On Tuesday, Sen. Jay Rockefeller (D-W.Va.) issued a statement saying that he will vote for the Murkowski resolution because it is “a vote for a strong West Virginia economy.” I don’t doubt Sen. Rockefeller’s commitment to West Virginians, but it’s simply appalling that the Chairman of the Senate Science Committee plans to vote the wrong way on a fundamental science issue.
No matter how many times supporters say otherwise, a vote for the Murkowski resolution of disapproval is a vote to deny climate science by overturning EPA’s science-based finding that global warming pollution is dangerous to Americans’ health and to their environment.
Of all people, Science Committee Chairman Rockefeller should know what’s wrong with denial of climate science. In fact, just a few years ago he took ExxonMobil to task for funding the climate change denial echo chamber. In a letter to Exxon’s incoming CEO, Sens. Rockefeller and Snowe wrote:
… we are persuaded that the climate change denial strategy carried out by and for ExxonMobil has helped foster the perception that the United States is insensitive to a matter of great urgency for all of mankind, and has thus damaged the stature of our nation internationally. It is our hope that under your leadership, ExxonMobil would end its dangerous support of the “deniers.”…
Indeed, while the group of outliers funded by ExxonMobil has had some success in the court of public opinion, it has failed miserably in confusing, much less convincing, the legitimate scientific community. Rather, what has emerged and continues to withstand the carefully crafted denial strategy is an insurmountable scientific consensus on both the problem and causation of climate change. Instead of the narrow and inward-looking universe of the deniers, the legitimate scientific community has developed its views on climate change through rigorous peer-reviewed research and writing across all climate-related disciplines and in virtually every country on the globe.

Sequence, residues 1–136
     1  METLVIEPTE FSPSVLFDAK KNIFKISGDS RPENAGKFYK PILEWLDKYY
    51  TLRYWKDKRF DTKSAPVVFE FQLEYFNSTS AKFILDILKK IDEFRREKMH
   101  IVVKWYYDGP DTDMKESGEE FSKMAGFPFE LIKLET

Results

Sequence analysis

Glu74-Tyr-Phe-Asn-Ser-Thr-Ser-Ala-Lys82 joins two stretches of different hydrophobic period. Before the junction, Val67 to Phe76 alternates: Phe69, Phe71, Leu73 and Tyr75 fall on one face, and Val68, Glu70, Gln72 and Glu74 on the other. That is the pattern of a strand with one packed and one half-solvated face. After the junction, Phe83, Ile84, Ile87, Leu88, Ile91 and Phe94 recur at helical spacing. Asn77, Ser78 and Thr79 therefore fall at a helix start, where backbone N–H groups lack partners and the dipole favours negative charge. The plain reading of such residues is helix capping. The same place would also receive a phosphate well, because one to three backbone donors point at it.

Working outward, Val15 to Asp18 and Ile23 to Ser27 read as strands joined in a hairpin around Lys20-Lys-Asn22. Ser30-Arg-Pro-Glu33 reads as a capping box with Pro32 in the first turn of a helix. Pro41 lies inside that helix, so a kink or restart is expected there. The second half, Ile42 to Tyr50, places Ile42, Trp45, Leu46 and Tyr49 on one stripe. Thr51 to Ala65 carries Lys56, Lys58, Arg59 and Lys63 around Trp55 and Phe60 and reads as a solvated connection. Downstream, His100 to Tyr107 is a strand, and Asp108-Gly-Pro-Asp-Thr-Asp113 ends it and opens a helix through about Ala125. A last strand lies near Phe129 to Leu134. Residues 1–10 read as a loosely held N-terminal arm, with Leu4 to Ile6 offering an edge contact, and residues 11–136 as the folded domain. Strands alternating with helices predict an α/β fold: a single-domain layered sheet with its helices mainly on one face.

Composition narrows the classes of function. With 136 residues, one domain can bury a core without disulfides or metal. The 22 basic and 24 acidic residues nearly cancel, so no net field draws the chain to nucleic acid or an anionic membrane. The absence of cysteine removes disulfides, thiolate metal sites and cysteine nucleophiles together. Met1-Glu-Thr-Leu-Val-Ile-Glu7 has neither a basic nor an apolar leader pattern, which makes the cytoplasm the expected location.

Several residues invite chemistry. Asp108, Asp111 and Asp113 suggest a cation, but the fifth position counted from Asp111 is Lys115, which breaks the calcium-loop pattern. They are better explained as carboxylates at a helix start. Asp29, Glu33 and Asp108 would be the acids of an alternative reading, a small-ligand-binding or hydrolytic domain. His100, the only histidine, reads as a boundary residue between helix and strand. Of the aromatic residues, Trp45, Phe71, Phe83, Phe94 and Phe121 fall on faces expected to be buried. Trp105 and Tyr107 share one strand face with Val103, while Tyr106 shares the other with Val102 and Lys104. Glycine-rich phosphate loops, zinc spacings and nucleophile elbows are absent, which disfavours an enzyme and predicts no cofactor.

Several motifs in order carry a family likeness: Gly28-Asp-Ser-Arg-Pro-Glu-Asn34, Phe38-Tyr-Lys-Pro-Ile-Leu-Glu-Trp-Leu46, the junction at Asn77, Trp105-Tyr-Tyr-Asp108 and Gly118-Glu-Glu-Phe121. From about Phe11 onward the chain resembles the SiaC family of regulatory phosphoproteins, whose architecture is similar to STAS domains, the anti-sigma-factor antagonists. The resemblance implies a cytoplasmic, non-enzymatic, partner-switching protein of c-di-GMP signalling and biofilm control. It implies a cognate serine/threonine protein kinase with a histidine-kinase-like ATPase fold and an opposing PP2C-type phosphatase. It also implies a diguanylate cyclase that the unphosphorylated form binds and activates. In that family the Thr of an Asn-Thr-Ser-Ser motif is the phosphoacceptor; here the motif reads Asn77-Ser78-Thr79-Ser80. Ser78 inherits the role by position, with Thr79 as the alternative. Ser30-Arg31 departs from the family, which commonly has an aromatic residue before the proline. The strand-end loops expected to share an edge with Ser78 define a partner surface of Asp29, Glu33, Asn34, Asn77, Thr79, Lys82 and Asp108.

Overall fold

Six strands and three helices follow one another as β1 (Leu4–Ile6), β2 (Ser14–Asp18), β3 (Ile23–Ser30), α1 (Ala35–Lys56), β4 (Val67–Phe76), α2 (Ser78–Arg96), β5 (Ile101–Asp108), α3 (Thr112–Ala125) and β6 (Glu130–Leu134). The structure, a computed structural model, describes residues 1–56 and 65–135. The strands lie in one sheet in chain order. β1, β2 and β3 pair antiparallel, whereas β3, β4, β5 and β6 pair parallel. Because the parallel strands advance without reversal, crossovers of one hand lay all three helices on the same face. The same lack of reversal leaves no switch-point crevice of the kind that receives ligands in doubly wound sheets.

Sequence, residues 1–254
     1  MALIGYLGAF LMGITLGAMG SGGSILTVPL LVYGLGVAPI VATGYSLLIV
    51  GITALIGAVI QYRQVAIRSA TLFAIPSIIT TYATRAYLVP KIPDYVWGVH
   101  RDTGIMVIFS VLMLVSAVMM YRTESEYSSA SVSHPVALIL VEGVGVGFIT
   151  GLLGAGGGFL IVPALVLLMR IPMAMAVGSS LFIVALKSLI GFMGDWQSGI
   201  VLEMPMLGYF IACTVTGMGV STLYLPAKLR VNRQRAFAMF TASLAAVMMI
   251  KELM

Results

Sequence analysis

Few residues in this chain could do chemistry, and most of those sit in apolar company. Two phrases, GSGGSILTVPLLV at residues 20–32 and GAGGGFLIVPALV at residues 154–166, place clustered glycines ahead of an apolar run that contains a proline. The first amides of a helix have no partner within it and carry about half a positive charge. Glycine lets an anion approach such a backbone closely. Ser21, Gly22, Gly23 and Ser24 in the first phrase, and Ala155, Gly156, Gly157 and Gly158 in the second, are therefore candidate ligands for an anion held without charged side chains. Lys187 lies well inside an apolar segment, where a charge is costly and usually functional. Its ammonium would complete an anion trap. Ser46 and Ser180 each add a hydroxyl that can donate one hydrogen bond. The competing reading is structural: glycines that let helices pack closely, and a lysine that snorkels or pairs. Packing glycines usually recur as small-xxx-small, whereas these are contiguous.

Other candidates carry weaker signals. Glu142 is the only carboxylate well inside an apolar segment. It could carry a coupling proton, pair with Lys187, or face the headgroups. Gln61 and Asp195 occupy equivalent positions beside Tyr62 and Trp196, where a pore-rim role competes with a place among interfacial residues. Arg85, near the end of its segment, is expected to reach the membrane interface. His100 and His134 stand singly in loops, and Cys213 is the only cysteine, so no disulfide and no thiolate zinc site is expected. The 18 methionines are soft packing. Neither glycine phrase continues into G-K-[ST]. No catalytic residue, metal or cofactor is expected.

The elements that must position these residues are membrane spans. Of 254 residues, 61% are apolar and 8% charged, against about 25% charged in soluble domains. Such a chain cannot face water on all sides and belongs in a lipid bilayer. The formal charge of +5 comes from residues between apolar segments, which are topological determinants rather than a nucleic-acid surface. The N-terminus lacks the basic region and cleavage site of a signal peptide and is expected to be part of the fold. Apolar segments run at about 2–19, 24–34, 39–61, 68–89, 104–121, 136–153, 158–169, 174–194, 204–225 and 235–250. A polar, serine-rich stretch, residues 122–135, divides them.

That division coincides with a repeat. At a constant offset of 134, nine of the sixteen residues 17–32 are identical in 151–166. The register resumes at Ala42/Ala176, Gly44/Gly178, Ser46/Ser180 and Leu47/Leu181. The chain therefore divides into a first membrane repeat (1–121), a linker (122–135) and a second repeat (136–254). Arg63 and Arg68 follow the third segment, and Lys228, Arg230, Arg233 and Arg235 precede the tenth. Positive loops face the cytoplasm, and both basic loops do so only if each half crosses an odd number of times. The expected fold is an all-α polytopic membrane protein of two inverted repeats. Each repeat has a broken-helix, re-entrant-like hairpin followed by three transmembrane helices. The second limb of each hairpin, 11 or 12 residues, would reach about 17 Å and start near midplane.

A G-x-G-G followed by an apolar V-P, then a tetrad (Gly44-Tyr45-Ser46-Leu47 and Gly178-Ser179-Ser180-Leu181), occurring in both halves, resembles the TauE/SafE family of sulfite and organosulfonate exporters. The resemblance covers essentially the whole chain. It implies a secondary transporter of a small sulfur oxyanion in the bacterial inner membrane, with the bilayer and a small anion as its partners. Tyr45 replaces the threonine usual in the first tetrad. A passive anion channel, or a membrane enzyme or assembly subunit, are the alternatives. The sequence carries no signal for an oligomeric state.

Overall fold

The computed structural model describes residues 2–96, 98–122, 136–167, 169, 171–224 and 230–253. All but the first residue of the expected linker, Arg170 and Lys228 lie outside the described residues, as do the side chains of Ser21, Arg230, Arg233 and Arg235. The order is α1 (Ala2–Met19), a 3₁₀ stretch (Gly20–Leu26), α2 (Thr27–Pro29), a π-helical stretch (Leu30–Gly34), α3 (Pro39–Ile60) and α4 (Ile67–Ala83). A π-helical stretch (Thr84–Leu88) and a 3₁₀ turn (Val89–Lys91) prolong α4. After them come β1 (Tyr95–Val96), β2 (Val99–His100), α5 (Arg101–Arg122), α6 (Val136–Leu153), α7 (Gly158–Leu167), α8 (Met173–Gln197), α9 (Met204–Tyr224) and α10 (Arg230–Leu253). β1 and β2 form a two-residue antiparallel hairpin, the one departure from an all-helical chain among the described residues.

Sen. Rockefeller’s concern for the credibility of the United States was well founded then. He should be even more worried about the damage that voting for the Murkowski resolution would do now.
That damage would not be limited to our international reputation. Passing the Murkowski resolution would make the United States more dependent on oil and stall the comprehensive legislation we need to create clean energy jobs, cut pollution, and gain control of our energy situation.
Sen. Rockefeller knew this last year when he said:
The cost of inaction will be much worse than the impact on the economy of action. More importantly, action on climate change will produce new jobs and make our economy stronger.
No matter what happens, the Murkowski resolution will not become law given President Obama’s veto threat. Additional attempts at denial or delay are not the answer.
The only path forward for the United States, and for West Virginia, is to enact a comprehensive clean energy and climate plan that breaks our addiction to oil, limits global warming pollution, and invests in technology to capture carbon dioxide from power plants. With Senator Rockefeller’s help, such a law could be enacted this year.